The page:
During our stay at the Finish Lapland we paid a visit to Viiankiaapa, a 65.95 km2 EU Natura 2000 and International Union for Conservation of Nature (IUCN) special protected area. Viiankiaapa’s ecosystem is a bog, or wetland waterlogged only by direct rainfall. A total of 90 species of birds can be found in the area, 21 of which are endangered, as well as plants, mammals, mosses, and liverworts.

Location of the Viiankiaapa reserve in Finland. Source: www.sodankyla.fi

Viiankiaapa constitutes part of the research area where we are currently testing non-invasive exploration technologies, such as the airborne magnetic data we finished acquiring, or the airborne EM survey that will shortly start. Underground, at depths greater than 350 m, a Cu-Ni-PGE sulfide deposit hosted by an olivine cumulate was discovered in 2009 and is estimated to be the discovery of a generation.

Panoramic view of the trail and Viiankiaapa’s landscape. Photo credit: Joan Marie Blanco.

Our partners, Jouni and Jukka-Pekka, both from Oulu Mining School met us there, accompanied by a joyful canine companion named Tinka. We took the 7.1 km trail across swamps in the nature reserve. Every certain number of meters there were signs with information about the species you could spot, as well as endangered plants and birds.

The group (and photographer) during our walk through the trail. From left to right: Joan Marie, Jouni, Leila, Jukka-Pekka, and Tinka. Photo credit: Moritz Kirsch.

There were also several wild berries, such as blackberries and cloudberries. It was my first time seeing and trying a cloudberry, it tasted creamy and unlike any berry I had before. During our walk we were able to spot Kestrels, Common Cranes, Eurasian Three-toed Woodpeckers, Black-throated Loons, Common Redpolls, Great Grey Shrikes, and Eurasian Willow Tits.

Wild cloudberry growing in the Viiankiaapa’s natural reserve. Photo credit: Moritz Kirsch.


Eurasian three-toed woodpecker spotted during our walk. Photo credit: Moritz Kirsch.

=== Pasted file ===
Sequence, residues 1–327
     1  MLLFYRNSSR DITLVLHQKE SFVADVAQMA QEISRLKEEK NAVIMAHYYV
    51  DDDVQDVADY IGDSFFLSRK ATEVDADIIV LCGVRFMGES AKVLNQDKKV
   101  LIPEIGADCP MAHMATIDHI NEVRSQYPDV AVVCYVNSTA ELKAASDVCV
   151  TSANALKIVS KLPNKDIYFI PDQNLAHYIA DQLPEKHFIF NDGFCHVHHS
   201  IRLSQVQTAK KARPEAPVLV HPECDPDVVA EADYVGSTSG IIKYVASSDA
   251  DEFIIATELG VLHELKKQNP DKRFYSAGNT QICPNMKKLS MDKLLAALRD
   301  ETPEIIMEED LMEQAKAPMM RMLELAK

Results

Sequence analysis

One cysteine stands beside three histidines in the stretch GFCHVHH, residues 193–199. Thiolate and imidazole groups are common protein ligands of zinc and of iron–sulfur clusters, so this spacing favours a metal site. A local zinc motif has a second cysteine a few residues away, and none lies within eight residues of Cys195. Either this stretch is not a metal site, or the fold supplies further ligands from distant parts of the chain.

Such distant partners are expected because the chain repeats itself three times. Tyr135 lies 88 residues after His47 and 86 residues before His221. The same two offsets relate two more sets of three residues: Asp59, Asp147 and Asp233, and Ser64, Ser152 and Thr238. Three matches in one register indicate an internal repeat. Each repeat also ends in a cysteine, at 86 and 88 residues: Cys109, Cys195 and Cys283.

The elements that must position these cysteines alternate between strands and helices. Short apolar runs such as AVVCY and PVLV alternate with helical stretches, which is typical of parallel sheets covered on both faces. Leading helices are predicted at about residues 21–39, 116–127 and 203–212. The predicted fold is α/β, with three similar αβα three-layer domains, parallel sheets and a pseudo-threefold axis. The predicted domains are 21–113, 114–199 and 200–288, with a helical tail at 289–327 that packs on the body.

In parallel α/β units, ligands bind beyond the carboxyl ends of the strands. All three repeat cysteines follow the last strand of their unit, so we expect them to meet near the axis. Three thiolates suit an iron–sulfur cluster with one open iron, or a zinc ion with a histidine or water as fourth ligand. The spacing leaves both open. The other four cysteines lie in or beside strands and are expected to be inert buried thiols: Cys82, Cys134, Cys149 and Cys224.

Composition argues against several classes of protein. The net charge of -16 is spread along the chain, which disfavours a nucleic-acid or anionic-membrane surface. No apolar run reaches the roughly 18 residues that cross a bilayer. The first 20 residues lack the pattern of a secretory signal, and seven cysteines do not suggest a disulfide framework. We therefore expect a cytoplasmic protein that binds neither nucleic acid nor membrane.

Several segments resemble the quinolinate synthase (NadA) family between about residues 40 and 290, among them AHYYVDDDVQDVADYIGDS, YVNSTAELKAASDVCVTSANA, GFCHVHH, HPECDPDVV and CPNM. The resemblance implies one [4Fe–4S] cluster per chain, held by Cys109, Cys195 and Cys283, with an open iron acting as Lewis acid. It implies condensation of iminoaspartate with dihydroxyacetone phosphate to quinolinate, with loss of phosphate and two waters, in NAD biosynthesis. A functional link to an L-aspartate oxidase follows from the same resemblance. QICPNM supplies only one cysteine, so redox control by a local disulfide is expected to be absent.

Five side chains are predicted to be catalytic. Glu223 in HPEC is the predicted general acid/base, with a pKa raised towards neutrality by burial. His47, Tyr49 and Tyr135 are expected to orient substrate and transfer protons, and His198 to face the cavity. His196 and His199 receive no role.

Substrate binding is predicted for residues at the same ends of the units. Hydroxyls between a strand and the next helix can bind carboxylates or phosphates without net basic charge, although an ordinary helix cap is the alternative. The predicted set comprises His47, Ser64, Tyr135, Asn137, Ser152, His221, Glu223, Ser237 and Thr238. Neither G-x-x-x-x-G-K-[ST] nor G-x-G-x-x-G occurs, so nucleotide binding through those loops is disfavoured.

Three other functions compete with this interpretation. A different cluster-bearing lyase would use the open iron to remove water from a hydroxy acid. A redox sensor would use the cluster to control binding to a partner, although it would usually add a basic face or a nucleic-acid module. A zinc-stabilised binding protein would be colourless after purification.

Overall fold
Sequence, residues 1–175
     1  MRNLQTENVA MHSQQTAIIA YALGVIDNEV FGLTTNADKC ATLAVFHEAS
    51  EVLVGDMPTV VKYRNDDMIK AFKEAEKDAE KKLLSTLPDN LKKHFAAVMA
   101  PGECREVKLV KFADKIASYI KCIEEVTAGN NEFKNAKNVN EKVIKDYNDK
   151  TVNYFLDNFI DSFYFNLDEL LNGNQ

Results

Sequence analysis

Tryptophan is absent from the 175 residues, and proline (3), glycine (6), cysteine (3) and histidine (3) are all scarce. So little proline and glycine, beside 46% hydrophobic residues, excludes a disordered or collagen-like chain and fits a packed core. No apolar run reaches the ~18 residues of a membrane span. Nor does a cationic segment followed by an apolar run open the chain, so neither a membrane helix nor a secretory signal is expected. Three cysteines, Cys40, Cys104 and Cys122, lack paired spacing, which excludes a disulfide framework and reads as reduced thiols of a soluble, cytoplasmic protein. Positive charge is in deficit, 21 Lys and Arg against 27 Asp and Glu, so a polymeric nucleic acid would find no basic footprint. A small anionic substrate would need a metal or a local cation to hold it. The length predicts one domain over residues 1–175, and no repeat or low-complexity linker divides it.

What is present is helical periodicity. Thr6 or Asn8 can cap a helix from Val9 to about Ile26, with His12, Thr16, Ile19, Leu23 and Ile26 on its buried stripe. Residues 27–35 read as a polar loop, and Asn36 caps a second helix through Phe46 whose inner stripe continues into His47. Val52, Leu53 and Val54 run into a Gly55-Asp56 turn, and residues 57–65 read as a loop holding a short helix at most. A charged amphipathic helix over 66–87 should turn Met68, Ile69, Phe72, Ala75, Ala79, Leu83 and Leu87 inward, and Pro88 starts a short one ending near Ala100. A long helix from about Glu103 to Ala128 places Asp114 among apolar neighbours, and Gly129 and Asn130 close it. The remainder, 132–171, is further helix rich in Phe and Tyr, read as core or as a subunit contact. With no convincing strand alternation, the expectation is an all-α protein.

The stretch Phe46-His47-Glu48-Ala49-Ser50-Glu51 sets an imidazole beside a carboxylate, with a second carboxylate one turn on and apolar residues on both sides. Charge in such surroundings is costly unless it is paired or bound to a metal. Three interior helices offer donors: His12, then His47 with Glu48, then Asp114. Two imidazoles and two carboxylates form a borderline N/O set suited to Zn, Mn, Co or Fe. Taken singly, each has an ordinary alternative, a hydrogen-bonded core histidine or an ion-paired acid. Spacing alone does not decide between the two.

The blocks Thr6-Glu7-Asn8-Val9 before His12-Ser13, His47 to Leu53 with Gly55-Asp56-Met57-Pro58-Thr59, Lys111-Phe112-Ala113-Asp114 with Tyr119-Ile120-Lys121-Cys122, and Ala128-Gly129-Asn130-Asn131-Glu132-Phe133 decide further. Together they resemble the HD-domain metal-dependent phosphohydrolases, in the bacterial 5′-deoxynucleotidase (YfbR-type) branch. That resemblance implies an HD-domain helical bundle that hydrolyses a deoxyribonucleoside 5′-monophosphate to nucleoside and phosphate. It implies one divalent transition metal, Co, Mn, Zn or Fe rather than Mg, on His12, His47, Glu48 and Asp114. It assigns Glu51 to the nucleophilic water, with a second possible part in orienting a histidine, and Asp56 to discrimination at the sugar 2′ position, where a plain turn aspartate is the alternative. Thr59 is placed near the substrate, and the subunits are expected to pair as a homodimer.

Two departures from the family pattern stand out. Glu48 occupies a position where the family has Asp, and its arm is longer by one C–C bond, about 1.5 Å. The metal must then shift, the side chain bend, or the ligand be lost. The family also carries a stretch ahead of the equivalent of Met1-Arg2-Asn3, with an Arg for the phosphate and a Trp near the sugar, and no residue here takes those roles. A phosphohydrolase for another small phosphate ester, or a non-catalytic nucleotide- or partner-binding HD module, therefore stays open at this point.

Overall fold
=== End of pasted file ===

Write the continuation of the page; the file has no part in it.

Half way into our walk, Jukka-Pekka and Jouni set up the fire and we grilled sausages while chatting. During our visit they were very open and eager to show us their country, traditions and stories, making our stay very pleasant. Through them, we also learned about the importance of sauna in Finland. After that it was not surprising to find that there are around 2 million saunas for a population of 5.3 million people.

Towards the end of the trail, we stopped at the observation deck and I was able to leave my name in the guest book. It felt pretty special since I never thought I’d ever be as far north as Sodankylä.

Viiankiaapa sign at the observation tower and box where the guestbook is kept. Photo credit: Joan Marie Blanco.

We have learned through our local partners and the people from Sodankylä how important Viiankiaapa is for them, and how proud they feel about the uniqueness of this area. That only gives us more motivation to succeed at testing non-invasive and environmentally friendly exploration technologies and its future implementation.

Until soon,

Joan Marie.

This post was written by Geophysicist Dr. Joan Marie Blanco who is working at the Helmholtz-Zentrum Dresden-Rossendorf (HZDR) for the INFACT project.

The INFACT Campaign 2018 posts series will be featuring the development of the flight campaign in the 3 reference sites (Finland, Germany and Spain) in summer 2018. The posts will describe the major achievements of the tests in a rather personal approach.

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